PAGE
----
College of Education and Human Services
Master of Education (MEd)
Dr. Bernadine Bolden
Dr. James Cangelosi
Dr. Royal Van Horn
Dr. James Mittelstadt
The purpose of this study was to investigate the difference in the enjoyment, interest, perceived learning, and achievement levels of third grade students when social studies and science units were presented as interrelated subject units versus separate subject units. Eight units in social studies and science were chosen. Four of these units were selected at random to be presented as interrelated subject units and four to be presented as separate subject units. Interrelated units used the social studies or science topic as a core, and lessons in other subjects such as language arts, math, music, and art were related to this basic topic. Separate subject units focused on the particular topic of the unit and were not intentionally related to other subjects in curriculum. An attitude questionnaire and achievement test were administered as posttests after each unit.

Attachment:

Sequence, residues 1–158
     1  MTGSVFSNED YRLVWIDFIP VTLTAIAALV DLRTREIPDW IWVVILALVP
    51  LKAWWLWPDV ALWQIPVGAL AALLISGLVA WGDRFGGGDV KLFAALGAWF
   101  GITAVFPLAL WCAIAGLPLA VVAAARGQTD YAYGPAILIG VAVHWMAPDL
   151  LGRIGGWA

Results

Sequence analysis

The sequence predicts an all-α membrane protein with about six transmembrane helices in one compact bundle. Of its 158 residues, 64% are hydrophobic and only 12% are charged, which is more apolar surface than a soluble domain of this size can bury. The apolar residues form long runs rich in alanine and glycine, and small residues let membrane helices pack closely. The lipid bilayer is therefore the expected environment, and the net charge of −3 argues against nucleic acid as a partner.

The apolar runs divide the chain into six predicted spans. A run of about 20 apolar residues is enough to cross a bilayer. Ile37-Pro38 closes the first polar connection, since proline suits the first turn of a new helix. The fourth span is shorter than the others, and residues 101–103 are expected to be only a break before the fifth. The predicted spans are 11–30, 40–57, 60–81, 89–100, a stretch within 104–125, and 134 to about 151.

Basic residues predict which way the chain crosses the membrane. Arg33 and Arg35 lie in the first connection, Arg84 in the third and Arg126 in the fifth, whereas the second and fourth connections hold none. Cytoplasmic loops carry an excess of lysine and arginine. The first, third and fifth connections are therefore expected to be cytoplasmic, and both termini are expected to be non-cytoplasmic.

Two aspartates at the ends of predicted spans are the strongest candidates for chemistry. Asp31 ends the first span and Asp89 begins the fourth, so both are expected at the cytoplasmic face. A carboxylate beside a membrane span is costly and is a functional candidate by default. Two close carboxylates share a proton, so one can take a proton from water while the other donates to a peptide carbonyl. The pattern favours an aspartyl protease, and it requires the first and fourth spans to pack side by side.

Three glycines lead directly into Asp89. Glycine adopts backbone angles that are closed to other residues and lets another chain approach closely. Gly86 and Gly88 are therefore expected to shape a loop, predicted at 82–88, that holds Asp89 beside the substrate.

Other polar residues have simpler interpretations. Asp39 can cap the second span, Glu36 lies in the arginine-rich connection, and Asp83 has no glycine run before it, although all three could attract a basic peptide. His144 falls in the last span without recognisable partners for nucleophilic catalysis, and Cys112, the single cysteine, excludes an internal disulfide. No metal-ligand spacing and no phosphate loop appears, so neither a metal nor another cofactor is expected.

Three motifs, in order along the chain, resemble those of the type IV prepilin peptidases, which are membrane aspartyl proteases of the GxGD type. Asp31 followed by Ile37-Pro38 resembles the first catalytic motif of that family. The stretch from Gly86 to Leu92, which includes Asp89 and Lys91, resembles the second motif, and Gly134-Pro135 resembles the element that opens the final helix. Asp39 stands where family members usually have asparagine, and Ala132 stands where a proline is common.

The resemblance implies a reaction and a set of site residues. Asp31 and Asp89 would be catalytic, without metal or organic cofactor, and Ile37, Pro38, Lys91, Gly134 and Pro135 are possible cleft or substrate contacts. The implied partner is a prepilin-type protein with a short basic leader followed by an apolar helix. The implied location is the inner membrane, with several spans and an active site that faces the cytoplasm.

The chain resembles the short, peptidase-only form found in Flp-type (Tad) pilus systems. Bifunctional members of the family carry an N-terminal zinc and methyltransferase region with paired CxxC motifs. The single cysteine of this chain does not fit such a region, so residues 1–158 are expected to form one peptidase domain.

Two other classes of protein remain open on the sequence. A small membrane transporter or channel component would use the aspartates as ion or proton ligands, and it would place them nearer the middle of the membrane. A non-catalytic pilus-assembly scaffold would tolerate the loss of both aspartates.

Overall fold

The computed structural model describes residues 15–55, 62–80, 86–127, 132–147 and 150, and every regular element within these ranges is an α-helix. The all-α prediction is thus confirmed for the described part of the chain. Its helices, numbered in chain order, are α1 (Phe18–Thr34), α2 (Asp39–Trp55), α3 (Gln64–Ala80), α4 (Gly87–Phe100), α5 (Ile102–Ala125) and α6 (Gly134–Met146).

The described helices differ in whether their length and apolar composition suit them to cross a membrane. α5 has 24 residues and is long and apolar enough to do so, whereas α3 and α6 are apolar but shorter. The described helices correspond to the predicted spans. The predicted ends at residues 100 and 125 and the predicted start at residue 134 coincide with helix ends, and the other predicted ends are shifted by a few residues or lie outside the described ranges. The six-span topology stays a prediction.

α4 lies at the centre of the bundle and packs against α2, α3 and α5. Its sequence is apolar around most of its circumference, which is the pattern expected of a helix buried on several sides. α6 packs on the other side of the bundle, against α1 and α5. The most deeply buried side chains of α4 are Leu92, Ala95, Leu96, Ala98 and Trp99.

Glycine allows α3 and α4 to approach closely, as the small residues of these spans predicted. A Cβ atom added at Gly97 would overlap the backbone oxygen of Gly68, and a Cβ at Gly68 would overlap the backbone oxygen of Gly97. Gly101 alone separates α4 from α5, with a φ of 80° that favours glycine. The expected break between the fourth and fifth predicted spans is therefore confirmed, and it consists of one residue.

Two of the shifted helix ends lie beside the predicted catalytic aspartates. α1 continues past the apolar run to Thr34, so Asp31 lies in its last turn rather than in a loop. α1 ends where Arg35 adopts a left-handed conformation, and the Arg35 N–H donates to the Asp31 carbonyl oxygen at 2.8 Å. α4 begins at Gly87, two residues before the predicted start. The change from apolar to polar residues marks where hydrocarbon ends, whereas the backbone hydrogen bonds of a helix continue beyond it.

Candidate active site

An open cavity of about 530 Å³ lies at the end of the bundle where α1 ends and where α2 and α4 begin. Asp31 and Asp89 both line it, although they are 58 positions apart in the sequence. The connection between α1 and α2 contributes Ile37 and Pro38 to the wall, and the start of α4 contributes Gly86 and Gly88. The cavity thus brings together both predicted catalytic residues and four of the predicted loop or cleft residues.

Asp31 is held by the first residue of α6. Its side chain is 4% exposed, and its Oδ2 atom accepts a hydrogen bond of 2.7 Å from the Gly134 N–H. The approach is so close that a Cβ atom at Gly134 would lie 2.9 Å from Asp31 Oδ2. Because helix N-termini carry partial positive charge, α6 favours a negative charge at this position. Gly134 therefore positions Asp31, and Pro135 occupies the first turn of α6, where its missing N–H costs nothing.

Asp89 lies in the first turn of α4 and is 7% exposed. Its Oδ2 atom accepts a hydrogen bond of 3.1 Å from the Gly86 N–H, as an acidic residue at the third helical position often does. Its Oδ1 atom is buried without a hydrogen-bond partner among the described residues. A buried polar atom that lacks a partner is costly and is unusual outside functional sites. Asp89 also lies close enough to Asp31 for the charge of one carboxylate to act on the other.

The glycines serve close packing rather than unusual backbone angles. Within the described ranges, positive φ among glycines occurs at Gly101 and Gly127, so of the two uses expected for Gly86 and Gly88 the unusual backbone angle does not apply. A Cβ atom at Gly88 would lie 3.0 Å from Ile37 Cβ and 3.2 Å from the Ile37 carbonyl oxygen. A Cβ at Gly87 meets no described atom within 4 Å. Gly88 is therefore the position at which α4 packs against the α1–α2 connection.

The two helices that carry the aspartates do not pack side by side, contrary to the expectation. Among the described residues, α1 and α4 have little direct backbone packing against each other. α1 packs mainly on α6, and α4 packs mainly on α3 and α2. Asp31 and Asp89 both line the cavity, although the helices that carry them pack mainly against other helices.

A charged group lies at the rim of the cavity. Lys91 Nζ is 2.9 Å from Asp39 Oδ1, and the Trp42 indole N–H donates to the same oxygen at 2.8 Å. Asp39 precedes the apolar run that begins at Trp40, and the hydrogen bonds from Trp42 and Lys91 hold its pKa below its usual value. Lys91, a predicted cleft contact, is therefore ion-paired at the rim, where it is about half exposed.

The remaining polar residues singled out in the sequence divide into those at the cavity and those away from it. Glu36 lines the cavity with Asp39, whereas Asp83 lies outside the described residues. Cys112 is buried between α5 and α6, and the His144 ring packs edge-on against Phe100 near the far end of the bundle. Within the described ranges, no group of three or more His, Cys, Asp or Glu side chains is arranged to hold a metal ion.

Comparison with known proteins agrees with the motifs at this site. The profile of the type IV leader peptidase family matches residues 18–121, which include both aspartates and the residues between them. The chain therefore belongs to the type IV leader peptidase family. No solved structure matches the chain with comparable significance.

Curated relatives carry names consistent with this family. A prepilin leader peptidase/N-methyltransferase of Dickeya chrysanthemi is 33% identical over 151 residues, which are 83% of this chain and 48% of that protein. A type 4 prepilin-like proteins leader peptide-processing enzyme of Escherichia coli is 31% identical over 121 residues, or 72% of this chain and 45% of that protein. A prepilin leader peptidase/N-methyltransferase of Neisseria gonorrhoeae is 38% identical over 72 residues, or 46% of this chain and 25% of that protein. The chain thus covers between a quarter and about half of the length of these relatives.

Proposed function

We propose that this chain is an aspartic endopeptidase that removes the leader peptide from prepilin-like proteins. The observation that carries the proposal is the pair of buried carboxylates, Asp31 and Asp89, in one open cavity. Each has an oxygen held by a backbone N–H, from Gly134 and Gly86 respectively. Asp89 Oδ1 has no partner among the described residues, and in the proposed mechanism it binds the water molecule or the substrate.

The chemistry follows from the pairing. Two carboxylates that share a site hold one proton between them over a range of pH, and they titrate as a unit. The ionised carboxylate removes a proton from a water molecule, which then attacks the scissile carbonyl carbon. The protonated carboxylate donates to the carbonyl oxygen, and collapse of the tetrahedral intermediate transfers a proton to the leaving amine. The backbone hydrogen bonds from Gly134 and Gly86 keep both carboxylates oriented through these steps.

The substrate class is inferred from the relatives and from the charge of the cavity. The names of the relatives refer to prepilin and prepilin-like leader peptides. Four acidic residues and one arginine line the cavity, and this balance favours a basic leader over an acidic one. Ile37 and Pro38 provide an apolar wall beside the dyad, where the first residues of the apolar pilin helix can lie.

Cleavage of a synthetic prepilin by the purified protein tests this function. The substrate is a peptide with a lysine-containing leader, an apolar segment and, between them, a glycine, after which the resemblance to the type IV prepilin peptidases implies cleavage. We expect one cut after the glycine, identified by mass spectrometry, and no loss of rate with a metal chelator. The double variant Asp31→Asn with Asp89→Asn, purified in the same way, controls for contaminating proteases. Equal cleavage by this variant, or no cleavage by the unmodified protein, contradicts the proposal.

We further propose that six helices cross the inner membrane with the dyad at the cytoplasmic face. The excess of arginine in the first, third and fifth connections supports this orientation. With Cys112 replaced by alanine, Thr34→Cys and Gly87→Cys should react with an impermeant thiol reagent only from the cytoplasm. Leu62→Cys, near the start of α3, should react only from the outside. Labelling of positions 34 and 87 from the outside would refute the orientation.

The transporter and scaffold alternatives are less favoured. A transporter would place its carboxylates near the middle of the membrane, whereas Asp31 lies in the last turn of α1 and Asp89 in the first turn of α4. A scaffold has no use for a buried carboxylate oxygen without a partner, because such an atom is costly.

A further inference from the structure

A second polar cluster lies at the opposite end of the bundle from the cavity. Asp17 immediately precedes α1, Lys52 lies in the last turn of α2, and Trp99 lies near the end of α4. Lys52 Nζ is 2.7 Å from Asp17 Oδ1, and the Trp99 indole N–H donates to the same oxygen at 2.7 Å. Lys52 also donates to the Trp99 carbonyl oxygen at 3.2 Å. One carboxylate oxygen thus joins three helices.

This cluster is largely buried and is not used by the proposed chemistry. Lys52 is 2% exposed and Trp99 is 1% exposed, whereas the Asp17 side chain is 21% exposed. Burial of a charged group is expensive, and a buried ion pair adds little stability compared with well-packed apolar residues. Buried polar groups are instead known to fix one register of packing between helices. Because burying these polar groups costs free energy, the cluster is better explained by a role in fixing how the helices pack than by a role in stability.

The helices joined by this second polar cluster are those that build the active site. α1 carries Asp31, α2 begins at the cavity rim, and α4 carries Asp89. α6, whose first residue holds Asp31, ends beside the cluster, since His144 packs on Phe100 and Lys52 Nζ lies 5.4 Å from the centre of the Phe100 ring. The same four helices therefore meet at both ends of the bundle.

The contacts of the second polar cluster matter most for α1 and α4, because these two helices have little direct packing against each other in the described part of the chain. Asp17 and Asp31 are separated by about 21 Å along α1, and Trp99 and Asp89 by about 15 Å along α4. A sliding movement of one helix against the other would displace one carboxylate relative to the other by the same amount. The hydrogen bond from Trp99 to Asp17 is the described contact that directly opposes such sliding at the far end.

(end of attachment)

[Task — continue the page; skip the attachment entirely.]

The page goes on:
The results of the tests for matched pairs indicated a significant difference in the levels of enjoyment, interest, perceived learning, and achievement for the two types of units. It was concluded that the 28 third grade students taught using interrelated subject units showed a significantly higher level of enjoyment, interest, perceived learning, and achievement than the same group when taught using separate subject units.
Main, Edna D., "Enjoyment, Interest, and Achievement Levels of Third Grade Students in Separate Subject and Interrelated Subject Units in Science and Social Studies" (1979). UNF Graduate Theses and Dissertations. 662.